Updated 17 June 2024
Follow

Israel warns of escalation from cross-border fire from Hezbollah

Israel warns of escalation from cross-border fire from Hezbollah
  • Hezbollah says it will not halt fire unless Israel stops its military offensive on Gaza

JERUSALEM: Intensified cross-border fire from Lebanon’s Hezbollah movement into Israel could trigger serious escalation, the Israeli military said on Sunday.
“Hezbollah’s increasing aggression is bringing us to the brink of what could be a wider escalation, one that could have devastating consequences for Lebanon and the entire region,” Israeli military spokesperson Rear Admiral Daniel Hagari said in a video statement in English.
Iran-backed Hezbollah last week launched the largest volleys of rockets and drones yet in the eight months it has been exchanging fire with the Israeli military, in parallel with the Gaza war.
After the relatively heavy exchanges over the past week, Sunday saw a marked drop in Hezbollah fire, while the Israeli military said that it had carried out several air strikes against the group in southern Lebanon.
The US and France are working on a negotiated settlement to the hostilities along Lebanon’s southern border. Hezbollah says it will not halt fire unless Israel stops its military offensive on Gaza.
“Israel will take the necessary measures to protect its civilians — until security along our border with Lebanon is restored,” Hagari said.


‘No joy’: Gazans mark somber Eid in shadow of war

‘No joy’: Gazans mark somber Eid in shadow  of war
Updated 17 June 2024
Follow

‘No joy’: Gazans mark somber Eid in shadow of war

‘No joy’: Gazans mark somber Eid in shadow  of war
  • Many Palestinians forced to spend holiday without their loved ones
  • I hope the world will put pressure to end the war on us because we are truly dying, and our children are broken

GAZA STRIP: In tents in the stifling heat and bombed-out mosques, Gazans on Sunday marked the start of the Eid Al-Adha holiday, devoid of the usual cheer as the Israel-Hamas war raged on.

“There is no joy. We have been robbed of it,” said Malakiya Salman, a 57-year-old displaced woman now living in a tent in Khan Younis City in the southern Gaza Strip.
Gazans, like Muslims the world over, would usually slaughter sheep for the holiday — whose Arabic name means “feast of the sacrifice” — and share the meat with the needy.
Parents would also give their children new clothes and money for the celebration.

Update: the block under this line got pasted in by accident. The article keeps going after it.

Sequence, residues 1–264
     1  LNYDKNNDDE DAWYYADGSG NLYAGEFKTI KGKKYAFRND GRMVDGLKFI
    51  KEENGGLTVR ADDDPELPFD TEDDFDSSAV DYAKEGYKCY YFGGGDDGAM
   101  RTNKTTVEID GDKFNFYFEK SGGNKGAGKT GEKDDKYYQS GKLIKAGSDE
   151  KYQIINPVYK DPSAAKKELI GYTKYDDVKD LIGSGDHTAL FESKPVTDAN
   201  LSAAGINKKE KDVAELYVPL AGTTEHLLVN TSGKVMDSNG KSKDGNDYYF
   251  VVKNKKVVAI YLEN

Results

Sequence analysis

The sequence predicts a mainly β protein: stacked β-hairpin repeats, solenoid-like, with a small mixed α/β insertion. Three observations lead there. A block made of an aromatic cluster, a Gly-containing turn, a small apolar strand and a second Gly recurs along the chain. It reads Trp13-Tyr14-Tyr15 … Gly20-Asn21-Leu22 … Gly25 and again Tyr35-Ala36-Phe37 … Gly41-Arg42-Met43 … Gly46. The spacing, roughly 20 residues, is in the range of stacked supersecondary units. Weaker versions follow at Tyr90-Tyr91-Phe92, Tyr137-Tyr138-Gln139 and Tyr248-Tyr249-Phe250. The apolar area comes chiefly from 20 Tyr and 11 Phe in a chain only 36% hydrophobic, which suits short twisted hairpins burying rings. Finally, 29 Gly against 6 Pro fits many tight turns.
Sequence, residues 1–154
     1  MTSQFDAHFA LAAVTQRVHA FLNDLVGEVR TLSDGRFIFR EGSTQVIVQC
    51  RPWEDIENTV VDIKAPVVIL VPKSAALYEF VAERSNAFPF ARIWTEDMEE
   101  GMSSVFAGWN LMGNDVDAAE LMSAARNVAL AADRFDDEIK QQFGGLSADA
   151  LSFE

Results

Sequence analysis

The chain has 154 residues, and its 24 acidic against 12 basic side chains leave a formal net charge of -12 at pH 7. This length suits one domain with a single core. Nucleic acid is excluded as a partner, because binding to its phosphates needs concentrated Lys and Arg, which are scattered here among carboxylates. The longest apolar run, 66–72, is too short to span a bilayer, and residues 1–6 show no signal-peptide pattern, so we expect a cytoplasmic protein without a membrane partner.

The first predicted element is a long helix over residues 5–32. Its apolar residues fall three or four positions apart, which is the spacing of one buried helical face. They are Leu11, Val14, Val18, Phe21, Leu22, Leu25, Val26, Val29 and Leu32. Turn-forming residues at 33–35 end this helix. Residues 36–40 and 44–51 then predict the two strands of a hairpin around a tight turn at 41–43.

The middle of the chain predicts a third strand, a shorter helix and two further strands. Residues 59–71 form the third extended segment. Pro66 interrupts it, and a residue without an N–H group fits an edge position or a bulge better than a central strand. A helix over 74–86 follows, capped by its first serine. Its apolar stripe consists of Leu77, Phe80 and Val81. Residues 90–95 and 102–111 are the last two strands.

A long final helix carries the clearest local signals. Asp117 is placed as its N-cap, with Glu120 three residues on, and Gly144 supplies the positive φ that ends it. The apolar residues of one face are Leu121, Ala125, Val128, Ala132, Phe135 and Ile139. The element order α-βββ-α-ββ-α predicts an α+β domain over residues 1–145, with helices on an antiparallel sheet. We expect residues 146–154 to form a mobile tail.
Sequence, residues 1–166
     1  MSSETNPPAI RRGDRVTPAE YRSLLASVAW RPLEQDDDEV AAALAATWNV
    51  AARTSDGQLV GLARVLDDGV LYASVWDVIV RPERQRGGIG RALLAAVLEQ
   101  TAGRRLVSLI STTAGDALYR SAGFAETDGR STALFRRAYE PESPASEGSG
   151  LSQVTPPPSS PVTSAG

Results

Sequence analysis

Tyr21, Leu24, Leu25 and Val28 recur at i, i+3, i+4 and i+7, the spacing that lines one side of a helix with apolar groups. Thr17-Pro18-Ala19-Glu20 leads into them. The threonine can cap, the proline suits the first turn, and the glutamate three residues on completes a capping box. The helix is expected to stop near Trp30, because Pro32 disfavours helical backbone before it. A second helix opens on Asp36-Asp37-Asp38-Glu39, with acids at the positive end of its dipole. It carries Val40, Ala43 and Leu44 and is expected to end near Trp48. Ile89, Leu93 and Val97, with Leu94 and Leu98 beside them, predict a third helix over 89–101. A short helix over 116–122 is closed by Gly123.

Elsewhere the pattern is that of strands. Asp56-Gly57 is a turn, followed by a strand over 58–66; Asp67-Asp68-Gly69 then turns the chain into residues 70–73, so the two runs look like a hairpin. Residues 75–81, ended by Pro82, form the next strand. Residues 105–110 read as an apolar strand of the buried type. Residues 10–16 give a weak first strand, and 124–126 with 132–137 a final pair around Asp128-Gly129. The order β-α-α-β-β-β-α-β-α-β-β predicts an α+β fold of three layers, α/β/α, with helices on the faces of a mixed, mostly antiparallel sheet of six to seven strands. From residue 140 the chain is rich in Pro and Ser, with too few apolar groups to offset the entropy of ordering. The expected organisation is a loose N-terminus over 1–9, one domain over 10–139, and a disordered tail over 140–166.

But this year, after more than eight months of a devastating Israeli campaign that has flattened much of Gaza, displaced most of the besieged territory’s 2.4 million people, and sparked repeated warnings of famine, the Eid is a day of misery for many.
“I hope the world will put pressure to end the war on us because we are truly dying, and our children are broken,” said Salman.
Her family was displaced from the far-southern city of Rafah, a recent focus of the fighting which began after Hamas’s Oct. 7 attack on southern Israel.
The military on Sunday morning announced a “tactical pause of military activity” around a Rafah-area route to facilitate the delivery of desperately needed humanitarian aid to Gazans.
AFP correspondents said there were no reports of strikes or shelling since dawn, though the Israeli military stressed there was “no cessation of hostilities in the southern Gaza Strip.”
The brief respite in fighting allowed worshippers a rare moment of calm on holiday.
Many gathered for the Eid Al-Adha morning prayer in the courtyard of Gaza City’s historic Omari Mosque, which was heavily damaged in Israeli bombardment, placing down their frayed prayer mats next to mounds of rubble.
The sound of prayers traveled down some of the city’s destroyed and abandoned streets.
“Since this morning, we’ve felt a sudden calm with no gunfire or bombings ... It’s strange,” said 30-year-old Haitham Al-Ghura from Gaza City.
He hoped the pause meant a permanent ceasefire was near, though truce mediation efforts have stalled for months.
In several areas of the war-battered territory, especially in Gaza City, young boys were seen manning roadside shops selling perfumes, lotions, and other items against the backdrop of piles of rubble from destroyed buildings and homes.
Many vendors used umbrellas to protect themselves from the scorching sun as they sold household items on Gaza City’s main market street. But there were few buyers.